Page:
CD review: Third Eye Blind releases Ursa Major

By Bobby Mullen, News Correspondent

Released six years after its last album, Third Eye Blind’s Ursa Major was the band’s most highly anticipated album in its 12-year history. Since being dropped from its label, Warner, in 2004, the band has not put out any new material save for Red Star, an Internet-only EP released last year. Their last CD, 2003’s weak-selling Out of the Vein, was their last hard copy release.
A quick listen of Ursa Major brings the group stylistically back to its roots with catchy electric and acoustic hooks and simple rhythms. However, a deeper listen into frontman Stephan Jenkins’ lyrics shows the singer/guitarist taking on a multitude of things with which he has issues and putting them in song. Before the album’s release, Jenkins said it was going to be ‘very political,’ and he did not fail to deliver on this promise.
The album opens with a bang:’ The electric ‘Can You Take Me’ is a loud and fast love song with political undertones, with Jenkins asking his counterpart to ‘start a riot.’ Another notable love song is the piano-driven ‘One in Ten.’
The second track, ‘Don’t Believe a Word,’ is also a fast-paced song with much lyrical depth, which also happened to be the first single off the album. Jenkins starts with an attack on the current artists that dominate hip-hop, asking:’ ‘Rap stars brag about shooting each other? Whatever happened to, ‘brother, brother’?’ Later in the song, he shifts his focus to the political, singing, ‘I can’t find myself I can’t change the station, in this corporate, sell-out, hillbilly nation.’ ‘Don’t Believe a Word’ has a catchy hook and some excellent drumming by Brad Hargreaves, probably his best work on the album.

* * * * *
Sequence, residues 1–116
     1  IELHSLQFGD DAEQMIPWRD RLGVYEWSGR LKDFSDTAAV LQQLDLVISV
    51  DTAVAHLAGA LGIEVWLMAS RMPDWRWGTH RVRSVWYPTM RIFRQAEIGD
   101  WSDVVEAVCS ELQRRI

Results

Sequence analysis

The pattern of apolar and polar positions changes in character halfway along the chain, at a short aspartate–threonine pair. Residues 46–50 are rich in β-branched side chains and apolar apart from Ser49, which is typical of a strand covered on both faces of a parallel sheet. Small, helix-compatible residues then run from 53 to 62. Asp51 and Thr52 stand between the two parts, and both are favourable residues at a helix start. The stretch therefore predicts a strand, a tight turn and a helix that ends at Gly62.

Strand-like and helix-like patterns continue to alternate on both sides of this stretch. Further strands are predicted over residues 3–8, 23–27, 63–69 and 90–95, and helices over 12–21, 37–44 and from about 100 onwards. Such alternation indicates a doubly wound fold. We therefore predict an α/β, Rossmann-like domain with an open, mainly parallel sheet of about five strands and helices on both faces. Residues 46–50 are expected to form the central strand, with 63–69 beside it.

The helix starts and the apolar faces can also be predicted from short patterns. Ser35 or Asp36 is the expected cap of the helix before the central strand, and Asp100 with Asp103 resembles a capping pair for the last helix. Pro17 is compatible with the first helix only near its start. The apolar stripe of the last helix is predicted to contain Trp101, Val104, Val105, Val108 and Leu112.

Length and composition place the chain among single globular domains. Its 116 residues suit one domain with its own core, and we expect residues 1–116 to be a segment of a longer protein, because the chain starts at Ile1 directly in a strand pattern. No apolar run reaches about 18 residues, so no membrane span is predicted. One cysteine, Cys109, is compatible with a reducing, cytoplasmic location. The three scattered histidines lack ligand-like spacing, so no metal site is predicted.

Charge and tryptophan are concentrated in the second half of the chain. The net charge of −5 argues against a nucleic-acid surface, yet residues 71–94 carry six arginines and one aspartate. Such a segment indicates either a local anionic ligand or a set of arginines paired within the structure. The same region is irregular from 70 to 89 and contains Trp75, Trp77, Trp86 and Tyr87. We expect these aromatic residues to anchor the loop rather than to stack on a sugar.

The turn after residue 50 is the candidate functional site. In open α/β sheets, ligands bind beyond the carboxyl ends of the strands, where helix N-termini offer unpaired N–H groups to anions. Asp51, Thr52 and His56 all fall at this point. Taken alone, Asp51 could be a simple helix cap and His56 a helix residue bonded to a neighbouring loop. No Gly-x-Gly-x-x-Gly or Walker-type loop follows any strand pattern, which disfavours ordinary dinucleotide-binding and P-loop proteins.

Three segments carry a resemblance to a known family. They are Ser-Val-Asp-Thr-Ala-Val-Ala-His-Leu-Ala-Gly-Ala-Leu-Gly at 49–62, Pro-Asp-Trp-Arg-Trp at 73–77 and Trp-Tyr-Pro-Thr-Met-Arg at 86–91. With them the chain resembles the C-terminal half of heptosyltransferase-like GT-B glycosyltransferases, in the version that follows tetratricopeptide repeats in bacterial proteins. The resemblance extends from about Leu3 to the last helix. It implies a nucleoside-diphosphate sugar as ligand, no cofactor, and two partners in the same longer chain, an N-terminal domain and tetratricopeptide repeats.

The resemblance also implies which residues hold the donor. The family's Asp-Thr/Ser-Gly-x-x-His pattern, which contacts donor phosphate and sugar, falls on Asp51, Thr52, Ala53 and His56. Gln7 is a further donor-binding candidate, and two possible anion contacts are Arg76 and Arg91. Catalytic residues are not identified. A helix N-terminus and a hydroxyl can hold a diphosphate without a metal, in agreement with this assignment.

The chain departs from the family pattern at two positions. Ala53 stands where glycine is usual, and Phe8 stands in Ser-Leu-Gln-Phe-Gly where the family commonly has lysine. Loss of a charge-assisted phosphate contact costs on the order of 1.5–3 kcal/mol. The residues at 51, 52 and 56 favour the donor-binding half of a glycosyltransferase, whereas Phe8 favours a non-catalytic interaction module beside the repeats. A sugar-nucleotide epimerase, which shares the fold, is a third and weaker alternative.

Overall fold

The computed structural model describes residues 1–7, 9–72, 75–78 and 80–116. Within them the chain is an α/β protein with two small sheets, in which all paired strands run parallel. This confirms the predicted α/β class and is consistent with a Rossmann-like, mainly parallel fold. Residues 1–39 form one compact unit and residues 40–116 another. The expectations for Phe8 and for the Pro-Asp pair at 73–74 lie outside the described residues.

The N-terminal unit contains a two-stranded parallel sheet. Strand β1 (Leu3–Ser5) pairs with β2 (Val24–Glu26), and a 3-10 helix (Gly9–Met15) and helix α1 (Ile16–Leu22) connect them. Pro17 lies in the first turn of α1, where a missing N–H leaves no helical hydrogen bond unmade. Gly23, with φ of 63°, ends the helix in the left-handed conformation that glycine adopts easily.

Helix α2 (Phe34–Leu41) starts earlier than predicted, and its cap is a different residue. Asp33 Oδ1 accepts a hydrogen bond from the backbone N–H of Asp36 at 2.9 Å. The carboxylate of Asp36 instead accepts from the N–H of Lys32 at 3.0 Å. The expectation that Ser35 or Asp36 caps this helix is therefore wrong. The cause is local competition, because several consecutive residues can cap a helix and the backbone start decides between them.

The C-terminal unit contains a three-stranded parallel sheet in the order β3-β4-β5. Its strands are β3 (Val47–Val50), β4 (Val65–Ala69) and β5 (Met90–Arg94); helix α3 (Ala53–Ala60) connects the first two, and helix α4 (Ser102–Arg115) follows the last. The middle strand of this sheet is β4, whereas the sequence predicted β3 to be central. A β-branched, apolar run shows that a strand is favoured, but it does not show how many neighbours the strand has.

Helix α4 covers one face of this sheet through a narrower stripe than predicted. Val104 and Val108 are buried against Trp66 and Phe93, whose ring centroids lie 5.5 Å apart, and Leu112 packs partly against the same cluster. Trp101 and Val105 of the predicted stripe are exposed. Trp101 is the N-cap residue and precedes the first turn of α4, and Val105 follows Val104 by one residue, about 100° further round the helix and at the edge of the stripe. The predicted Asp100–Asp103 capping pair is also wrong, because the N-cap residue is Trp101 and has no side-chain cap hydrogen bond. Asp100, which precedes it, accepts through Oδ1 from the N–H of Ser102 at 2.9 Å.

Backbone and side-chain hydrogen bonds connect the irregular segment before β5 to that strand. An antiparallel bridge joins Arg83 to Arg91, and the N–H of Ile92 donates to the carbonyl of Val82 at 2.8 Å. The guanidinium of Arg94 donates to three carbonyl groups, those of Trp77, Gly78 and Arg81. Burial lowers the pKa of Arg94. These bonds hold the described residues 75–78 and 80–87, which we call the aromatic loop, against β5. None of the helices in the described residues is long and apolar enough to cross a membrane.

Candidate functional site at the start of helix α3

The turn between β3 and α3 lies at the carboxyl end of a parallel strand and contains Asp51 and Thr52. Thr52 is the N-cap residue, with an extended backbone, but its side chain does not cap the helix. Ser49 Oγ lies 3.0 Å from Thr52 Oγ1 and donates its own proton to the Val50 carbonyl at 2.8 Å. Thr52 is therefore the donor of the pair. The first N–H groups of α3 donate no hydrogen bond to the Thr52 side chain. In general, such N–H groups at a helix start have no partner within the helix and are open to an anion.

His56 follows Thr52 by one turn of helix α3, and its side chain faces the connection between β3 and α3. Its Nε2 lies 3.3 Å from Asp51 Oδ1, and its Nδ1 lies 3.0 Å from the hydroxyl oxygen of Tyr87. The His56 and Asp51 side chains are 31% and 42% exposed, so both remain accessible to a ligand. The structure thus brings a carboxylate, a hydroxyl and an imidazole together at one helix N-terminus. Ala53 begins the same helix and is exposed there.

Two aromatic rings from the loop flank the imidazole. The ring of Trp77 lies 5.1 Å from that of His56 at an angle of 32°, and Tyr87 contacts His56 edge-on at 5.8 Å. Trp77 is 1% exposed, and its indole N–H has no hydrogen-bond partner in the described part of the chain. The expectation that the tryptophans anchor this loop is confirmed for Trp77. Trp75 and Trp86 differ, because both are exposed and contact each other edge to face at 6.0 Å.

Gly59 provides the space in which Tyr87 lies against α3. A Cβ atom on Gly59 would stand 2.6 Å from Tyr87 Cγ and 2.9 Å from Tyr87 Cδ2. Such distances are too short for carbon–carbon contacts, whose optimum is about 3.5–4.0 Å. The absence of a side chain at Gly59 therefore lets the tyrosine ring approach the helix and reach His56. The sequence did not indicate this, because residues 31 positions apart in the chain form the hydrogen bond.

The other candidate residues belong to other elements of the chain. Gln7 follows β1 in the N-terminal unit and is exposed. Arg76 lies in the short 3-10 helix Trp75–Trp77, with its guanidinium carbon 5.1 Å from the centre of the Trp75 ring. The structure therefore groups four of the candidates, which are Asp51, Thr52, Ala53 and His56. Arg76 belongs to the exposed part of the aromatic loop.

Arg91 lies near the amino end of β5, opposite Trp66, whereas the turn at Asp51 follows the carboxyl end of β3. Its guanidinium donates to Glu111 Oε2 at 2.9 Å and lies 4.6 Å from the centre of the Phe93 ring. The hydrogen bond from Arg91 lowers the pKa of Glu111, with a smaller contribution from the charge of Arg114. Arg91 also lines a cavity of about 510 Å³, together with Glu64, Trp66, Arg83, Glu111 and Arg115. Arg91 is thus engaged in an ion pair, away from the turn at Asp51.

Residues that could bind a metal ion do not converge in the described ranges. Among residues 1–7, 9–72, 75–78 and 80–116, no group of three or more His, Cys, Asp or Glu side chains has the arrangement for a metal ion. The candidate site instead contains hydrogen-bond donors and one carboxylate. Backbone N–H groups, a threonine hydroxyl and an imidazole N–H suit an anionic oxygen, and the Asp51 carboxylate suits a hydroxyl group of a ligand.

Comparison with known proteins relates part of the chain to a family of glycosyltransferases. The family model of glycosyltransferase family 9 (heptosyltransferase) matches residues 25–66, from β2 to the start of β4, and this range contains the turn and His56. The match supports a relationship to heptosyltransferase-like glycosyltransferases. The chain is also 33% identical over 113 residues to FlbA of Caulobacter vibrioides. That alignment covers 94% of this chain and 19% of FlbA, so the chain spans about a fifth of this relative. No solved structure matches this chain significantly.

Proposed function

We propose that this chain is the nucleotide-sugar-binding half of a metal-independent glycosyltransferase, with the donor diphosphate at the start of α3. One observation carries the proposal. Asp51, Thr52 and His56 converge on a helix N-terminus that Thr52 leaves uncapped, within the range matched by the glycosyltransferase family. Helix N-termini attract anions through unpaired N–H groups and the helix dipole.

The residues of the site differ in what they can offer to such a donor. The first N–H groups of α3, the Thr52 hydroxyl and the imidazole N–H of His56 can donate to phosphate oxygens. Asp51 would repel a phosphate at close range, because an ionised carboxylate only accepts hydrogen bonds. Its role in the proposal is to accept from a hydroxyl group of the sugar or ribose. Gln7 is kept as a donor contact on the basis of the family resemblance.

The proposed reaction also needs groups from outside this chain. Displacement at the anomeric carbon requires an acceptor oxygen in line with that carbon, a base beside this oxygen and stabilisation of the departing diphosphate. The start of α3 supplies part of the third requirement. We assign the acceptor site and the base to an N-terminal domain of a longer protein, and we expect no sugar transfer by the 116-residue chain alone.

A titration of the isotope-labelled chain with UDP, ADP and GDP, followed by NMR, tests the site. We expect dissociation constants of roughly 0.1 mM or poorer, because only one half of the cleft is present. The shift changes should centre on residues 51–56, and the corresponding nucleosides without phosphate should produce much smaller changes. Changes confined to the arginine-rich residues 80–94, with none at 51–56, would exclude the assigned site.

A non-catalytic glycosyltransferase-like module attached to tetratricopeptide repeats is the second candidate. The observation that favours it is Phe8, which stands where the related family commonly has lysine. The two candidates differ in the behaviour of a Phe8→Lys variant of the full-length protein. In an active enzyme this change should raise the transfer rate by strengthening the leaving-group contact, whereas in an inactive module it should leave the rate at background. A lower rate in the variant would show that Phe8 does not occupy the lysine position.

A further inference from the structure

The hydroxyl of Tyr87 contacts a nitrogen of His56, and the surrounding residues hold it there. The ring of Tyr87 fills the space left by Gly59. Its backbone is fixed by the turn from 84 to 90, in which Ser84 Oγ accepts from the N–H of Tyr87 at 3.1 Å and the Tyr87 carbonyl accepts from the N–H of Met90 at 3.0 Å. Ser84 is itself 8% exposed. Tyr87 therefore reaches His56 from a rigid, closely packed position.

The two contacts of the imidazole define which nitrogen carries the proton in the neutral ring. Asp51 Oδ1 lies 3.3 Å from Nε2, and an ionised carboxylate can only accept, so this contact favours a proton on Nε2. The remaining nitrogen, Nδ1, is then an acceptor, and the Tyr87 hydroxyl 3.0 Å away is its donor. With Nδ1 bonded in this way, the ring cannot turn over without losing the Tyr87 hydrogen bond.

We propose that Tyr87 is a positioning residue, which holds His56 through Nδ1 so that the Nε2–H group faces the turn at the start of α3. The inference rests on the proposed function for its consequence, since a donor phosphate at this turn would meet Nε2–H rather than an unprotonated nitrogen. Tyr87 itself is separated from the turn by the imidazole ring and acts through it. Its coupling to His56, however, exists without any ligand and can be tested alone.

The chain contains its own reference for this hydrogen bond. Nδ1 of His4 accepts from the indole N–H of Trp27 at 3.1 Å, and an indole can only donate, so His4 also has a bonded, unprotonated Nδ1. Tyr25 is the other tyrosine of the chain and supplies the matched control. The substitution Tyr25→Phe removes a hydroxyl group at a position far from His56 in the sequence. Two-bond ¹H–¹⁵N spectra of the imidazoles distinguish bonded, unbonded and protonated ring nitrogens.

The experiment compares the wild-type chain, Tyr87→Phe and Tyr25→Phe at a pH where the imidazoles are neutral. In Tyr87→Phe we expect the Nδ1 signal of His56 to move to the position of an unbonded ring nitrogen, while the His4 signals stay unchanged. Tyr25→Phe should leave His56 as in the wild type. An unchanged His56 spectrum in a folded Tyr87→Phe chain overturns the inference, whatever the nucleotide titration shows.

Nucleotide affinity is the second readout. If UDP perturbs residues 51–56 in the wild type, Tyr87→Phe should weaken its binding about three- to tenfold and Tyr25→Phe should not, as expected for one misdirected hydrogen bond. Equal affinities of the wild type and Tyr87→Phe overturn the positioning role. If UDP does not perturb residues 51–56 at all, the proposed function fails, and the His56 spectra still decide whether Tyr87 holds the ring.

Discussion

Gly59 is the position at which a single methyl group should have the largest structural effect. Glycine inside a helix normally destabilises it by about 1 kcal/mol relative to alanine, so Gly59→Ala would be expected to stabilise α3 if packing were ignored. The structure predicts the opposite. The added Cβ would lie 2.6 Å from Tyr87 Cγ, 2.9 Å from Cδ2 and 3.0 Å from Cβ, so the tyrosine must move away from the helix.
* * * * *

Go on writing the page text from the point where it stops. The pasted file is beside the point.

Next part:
Other songs on the album with political undertones include ‘About to Break,’ which tackles American prejudices and issues such as teen pregnancy.
The second single from Ursa Major, ‘Bonfire,’ shows a stylistic change for the band that is welcome and refreshing. Taking the slightest of reggae influences, ‘Bonfire’ has a catchy riff and is a fun sing-along. If there was a song destined to become the band’s next ‘Semi-Charmed Life,’ in terms of popularity, ‘Bonfire’ would be it. Another song in this vein is ‘Summer Town.’ This catchy tune isn’t as lyrically deep as the rest of the album, but it is a fun song.
Jenkins also uses this album to do some self-reflection. ‘Dao of St. Paul’ is highly introspective, with Jenkins questioning all he has done in his life, specifically the past three years. The song features excellent guitar work by lead guitarist Tony Fredianelli, including a scorching solo in the midst of Jenkins’ smooth acoustic rhythm.
In ‘Monotov’s Private Opera,’ another piano-heavy song, Jenkins sings ‘Now I’m stuck inside a poem, And then I’m walkin’ by myself in the dark, all alone.’ These self-questioning songs are a good indicator of where Jenkins’ head was during the band’s hiatus. Jenkins took time off to learn about who he was, act, and get through some tough relationships. But he has now made a strong comeback.
While it’s not as fresh as Third Eye Blind’s eponymous debut and follow-up, Blue, Ursa Major packs a punch with lyrical depth, powerful guitar and an overall quality of sound that is impressive for a band coming off such a long hiatus.

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